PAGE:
One of the first questions a race director must answer before they can collect registrations is How much does this race cost? The factors that determine a “reasonable” price are wide-ranging; race directors must consider:
- The base cost to put on their event: timing, local police, permitting, medical staff, RaceDay supplies, etc.
- What runners get: The extravagance of their giveaway items and post-race experience
- The amount of funds (if any) to be donated to charity
- The distance(s) of the race courses
- The number of runners expected
- The age of runners (I.E., a kids race is typically less than an adult-focused race)
Additionally, there can be regional differences in the price of races, and race directors will want to get an idea what the events around them are changing. However, the national numbers do give some sense of what’s “normal” in pricing, and where prices are heading. The basics of price look simple:
As you may expect, races increase in price as they increase in distance – and every distance aside from the marathon* saw a modest increase in price, whereas the marathon distance saw a small decrease in price. Combined with the knowledge that marathons were also the only distance that saw a decline in registration, this indicates that marathons are likely looking at lowering costs to compete in a saturated market.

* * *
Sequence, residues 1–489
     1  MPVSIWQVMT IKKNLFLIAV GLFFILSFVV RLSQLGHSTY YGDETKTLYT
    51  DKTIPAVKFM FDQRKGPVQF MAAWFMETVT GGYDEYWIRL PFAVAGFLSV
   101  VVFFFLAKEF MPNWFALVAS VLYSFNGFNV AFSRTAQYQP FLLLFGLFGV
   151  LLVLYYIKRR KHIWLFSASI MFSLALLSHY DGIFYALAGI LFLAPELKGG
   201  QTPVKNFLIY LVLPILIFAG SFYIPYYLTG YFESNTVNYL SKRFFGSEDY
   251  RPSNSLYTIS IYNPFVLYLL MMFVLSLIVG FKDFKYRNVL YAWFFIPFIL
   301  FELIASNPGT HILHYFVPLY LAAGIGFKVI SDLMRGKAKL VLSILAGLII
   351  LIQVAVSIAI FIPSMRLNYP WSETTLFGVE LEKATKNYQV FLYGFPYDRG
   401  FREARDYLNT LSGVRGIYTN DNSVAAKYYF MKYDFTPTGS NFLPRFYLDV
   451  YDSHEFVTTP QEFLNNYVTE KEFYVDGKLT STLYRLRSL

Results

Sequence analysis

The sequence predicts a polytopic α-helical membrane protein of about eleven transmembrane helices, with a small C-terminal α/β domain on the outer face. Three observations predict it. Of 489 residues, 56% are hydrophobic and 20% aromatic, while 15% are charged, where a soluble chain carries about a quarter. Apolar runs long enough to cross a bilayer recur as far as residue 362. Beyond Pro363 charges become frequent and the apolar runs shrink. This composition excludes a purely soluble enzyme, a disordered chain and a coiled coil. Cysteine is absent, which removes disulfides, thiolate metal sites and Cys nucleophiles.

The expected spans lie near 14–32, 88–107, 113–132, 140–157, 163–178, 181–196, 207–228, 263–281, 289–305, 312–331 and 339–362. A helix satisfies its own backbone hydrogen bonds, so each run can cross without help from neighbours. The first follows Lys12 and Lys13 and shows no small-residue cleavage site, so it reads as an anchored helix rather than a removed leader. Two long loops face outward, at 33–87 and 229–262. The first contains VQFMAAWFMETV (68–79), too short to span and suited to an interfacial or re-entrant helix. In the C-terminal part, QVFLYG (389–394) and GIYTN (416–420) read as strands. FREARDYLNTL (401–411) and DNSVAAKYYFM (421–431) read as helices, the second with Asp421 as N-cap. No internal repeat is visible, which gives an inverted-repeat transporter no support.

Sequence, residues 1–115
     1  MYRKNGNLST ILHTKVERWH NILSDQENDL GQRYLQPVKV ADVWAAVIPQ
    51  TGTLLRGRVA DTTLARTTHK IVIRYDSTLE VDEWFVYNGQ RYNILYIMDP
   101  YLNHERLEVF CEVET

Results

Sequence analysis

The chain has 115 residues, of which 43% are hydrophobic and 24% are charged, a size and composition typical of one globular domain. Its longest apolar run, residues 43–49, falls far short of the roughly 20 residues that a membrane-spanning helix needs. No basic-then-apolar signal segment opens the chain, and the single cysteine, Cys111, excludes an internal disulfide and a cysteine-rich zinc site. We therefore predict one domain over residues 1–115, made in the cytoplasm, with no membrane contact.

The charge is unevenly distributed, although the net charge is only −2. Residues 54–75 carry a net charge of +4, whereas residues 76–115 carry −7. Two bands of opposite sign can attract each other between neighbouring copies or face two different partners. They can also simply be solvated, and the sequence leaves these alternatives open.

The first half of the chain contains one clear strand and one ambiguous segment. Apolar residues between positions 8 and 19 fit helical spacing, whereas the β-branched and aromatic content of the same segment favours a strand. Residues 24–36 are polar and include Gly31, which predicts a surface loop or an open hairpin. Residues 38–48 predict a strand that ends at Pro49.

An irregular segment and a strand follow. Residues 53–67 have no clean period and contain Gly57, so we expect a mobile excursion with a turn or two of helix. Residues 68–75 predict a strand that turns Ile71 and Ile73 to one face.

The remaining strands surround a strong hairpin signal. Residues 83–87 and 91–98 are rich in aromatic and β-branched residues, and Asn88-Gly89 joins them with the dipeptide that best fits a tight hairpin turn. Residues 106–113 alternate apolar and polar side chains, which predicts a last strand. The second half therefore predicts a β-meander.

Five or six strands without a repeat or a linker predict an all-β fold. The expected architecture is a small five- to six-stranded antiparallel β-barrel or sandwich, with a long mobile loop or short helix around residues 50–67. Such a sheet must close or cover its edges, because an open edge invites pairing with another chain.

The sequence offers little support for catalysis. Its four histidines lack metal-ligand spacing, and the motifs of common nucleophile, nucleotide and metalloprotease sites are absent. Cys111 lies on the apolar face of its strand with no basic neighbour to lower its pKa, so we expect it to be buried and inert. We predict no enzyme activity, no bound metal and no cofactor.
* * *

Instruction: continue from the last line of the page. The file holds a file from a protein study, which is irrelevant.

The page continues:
However, average price alone does not tell the full story – an increasing number of events are incorporating more than one price point, with increases throughout the registration process. All race distances 10K and above averaged at least 1 price increase, and every distance saw an increase in the average number of increases.
While the average number of price increases ranges only from 0.8-2 regardless of race distance, the amount of difference between the high and low cost ranges widely. Longer distances, which also have higher average price points, see a significantly larger range between the high and low price – from $8.36 for a 5K to $32.12 for an Ultramarathon.
Takeaway: No race should set their price in a vacuum, without taking into account regional factors and event costs. However, if your race is significantly outside the average range, you should have an answer for why. If you have a comparatively expensive event, highlight what makes it special and worth more: I.E., a unique course that no one else is allowed to use, premium swag, or an amazing post-race party. If you’re charging less than the average, use that to your marketing advantage and promote your event as an affordable option.
Takeaway: Use price increases to increase your potential audience! If you worry that you’re pricing out too many runners, offer a low starting rate to capture the budget-conscious runner, and increase your last-minute price to compensate. Procrastinators tend to be less picky – and they expect to pay more for waiting in today’s market.
*Note: Ultramarathons make up a relatively small – but quickly increasing – number of the races on RunSignUp, meaning that the average price could be significantly impacted by a small number of outlier races.
Download the full 2018 RaceTrends report for free here: